The DuPont Co. has told 18,000 former workers they have from Sept. 12 until Oct. 21 to trade their future pensions -- for up-front cash, or for an earlier but smaller monthly annuity -- instead of waiting until they reach retirement age to collect traditional pension checks. (Latest update: see Why Now? below)
It's "worrisome" to have to choose, says Olivia Mitchell, head of the Wharton Pension Research Council at the University of Pennsylvania. DuPont pensions "are backed by the Pension Benefit Guaranty Corp. But PBGC also has limits, and is facing solvency questions," she noted.
"Do people really think they can invest the money better by themselves? People tend to understimate the fees, and the charges. If they do take a lump sum, and if they can roll it over into a well-managed retirement plan or a deferred annuity, and wait awhile before they start to take the money, that may be a good option. It really depends on their personal situation."
What's in it for DuPont, Mitchell added, is clear: "The people who 'lump it out' are no longer obligations" for the company to keep funding in the future.
"This 'pot of gold' may be tempting. but there are so many risks with making sure the money will last," added the Pension Rights Center's Leavelle. "Will they be okay with the fluctuating stock market? What are the tax implications? Some IRA managers charge really large fees. The employees should make sure they fully investigate all the possibilities before they step away from the company's pension."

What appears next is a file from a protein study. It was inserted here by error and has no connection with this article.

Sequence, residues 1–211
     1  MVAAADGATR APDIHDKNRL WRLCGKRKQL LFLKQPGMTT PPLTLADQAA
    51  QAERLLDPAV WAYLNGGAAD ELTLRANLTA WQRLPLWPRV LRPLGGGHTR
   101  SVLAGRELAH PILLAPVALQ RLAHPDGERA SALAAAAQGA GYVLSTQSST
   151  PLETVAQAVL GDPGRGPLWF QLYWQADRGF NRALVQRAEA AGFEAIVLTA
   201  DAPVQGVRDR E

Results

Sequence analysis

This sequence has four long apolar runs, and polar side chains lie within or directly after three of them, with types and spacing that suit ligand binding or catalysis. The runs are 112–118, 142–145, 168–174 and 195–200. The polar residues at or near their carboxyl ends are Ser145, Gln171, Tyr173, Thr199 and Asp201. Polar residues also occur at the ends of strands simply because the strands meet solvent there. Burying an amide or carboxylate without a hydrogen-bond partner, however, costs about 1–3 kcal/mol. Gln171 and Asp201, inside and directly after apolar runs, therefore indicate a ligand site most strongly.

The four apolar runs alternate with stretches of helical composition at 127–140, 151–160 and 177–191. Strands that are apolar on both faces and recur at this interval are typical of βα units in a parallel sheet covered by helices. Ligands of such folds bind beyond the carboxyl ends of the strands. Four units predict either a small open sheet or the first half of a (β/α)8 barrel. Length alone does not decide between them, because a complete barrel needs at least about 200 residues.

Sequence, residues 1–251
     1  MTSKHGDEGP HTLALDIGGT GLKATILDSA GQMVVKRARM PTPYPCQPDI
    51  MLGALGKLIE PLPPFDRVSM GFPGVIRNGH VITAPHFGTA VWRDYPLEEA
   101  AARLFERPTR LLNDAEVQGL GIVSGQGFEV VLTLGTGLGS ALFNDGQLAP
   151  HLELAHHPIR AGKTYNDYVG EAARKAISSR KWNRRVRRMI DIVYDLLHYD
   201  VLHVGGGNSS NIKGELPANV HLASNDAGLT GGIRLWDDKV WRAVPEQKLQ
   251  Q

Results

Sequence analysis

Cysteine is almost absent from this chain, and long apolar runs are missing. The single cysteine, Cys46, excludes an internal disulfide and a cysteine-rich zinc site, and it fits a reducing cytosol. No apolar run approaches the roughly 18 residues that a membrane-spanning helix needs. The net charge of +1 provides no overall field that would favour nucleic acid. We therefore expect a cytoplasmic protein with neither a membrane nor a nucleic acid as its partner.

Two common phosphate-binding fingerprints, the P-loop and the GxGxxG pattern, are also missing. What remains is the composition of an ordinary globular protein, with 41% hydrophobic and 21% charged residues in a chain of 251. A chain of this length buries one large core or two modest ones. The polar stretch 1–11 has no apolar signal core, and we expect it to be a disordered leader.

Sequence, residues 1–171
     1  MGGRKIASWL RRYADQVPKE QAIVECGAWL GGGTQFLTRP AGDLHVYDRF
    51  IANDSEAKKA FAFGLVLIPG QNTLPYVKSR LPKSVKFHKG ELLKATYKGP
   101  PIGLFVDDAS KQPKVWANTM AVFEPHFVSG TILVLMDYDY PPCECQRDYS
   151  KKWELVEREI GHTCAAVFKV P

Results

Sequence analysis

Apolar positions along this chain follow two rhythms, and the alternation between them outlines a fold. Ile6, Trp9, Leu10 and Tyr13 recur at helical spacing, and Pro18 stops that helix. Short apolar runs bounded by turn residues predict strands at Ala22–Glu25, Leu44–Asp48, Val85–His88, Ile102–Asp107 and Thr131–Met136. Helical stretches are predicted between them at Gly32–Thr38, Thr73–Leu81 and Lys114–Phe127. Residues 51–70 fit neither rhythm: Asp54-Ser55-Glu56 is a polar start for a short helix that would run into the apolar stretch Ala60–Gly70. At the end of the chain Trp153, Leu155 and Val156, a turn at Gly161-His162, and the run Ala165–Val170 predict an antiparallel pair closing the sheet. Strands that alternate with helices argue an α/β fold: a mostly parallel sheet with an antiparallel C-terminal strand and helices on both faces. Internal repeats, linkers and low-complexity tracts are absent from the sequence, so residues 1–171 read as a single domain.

WHY NOW? The government is pressuring the nation's surviving pension funds to tighten their liability calculations, notes Skaggs. While well-meaning, and long-delayed, this also has the effect of pressing companies to set aside more money for pensions -- which they'd sooner avoid.
From this article in GoingConcern.com about a "lump-sum" buyout offer by another company: "The IRS helped to fuel the trend toward lump-sum offers when it said in July that it would put off using new mortality-rate calculations based on longer lifespans until 2017. That suddenly made it cheaper for companies to offer pension buyouts now than in the future. The new assumptions that people will live longer will make lump-sum offers more expensive to companies."
EARLIER: DuPont has not yet detailed who will take responsibility for paying everything DuPont owes bondholders, pensioners and pollution clean-up, from current and former plant operations. "DuPont remains committed to making contributions to the Plan consistent with the company's funding policy and the funding requirements under U.S. laws and regulations," the company told employees in a statement.
DuPont shareholders last month ratified a plan by DuPont boss Edward Breen, Dow Chemical Co. CEO Andrew Liveris and major shareholders to combine their companies.
Over the next two years, Dow DuPont plans to split into three firms -- one to sell both companies' pesticides and engineered crop seeds, one to focus mostly on Dow's other chemical plants, and one for DuPont's remaining businesses. DuPont has built or bought and later sold or spun off a long list of businesses, including Chemours chemicals, Axalta paints and Invista fabrics, among others.